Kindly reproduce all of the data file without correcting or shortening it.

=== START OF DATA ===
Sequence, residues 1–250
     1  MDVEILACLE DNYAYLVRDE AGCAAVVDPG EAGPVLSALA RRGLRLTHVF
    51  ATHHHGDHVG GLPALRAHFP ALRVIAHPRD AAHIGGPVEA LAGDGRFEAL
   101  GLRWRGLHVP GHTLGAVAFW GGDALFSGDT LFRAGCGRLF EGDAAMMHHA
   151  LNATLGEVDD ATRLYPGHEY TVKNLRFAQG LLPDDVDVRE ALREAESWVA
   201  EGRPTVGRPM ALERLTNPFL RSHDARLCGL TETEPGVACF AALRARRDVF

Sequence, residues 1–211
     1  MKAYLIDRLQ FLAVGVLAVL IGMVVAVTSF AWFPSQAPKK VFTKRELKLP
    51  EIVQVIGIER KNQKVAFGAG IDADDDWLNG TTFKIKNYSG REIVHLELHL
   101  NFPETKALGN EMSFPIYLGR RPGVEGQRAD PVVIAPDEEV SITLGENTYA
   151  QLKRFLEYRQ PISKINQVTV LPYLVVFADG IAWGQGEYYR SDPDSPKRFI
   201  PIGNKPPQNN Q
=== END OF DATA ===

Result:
Sequence, residues 1–250
     1  MDVEILACLE DNYAYLVRDE AGCAAVVDPG EAGPVLSALA RRGLRLTHVF
    51  ATHHHGDHVG GLPALRAHFP ALRVIAHPRD AAHIGGPVEA LAGDGRFEAL
   101  GLRWRGLHVP GHTLGAVAFW GGDALFSGDT LFRAGCGRLF EGDAAMMHHA
   151  LNATLGEVDD ATRLYPGHEY TVKNLRFAQG LLPDDVDVRE ALREAESWVA
   201  EGRPTVGRPM ALERLTNPFL RSHDARLCGL TETEPGVACF AALRARRDVF

Sequence, residues 1–211
     1  MKAYLIDRLQ FLAVGVLAVL IGMVVAVTSF AWFPSQAPKK VFTKRELKLP
    51  EIVQVIGIER KNQKVAFGAG IDADDDWLNG TTFKIKNYSG REIVHLELHL
   101  NFPETKALGN EMSFPIYLGR RPGVEGQRAD PVVIAPDEEV SITLGENTYA
   151  QLKRFLEYRQ PISKINQVTV LPYLVVFADG IAWGQGEYYR SDPDSPKRFI
   201  PIGNKPPQNN Q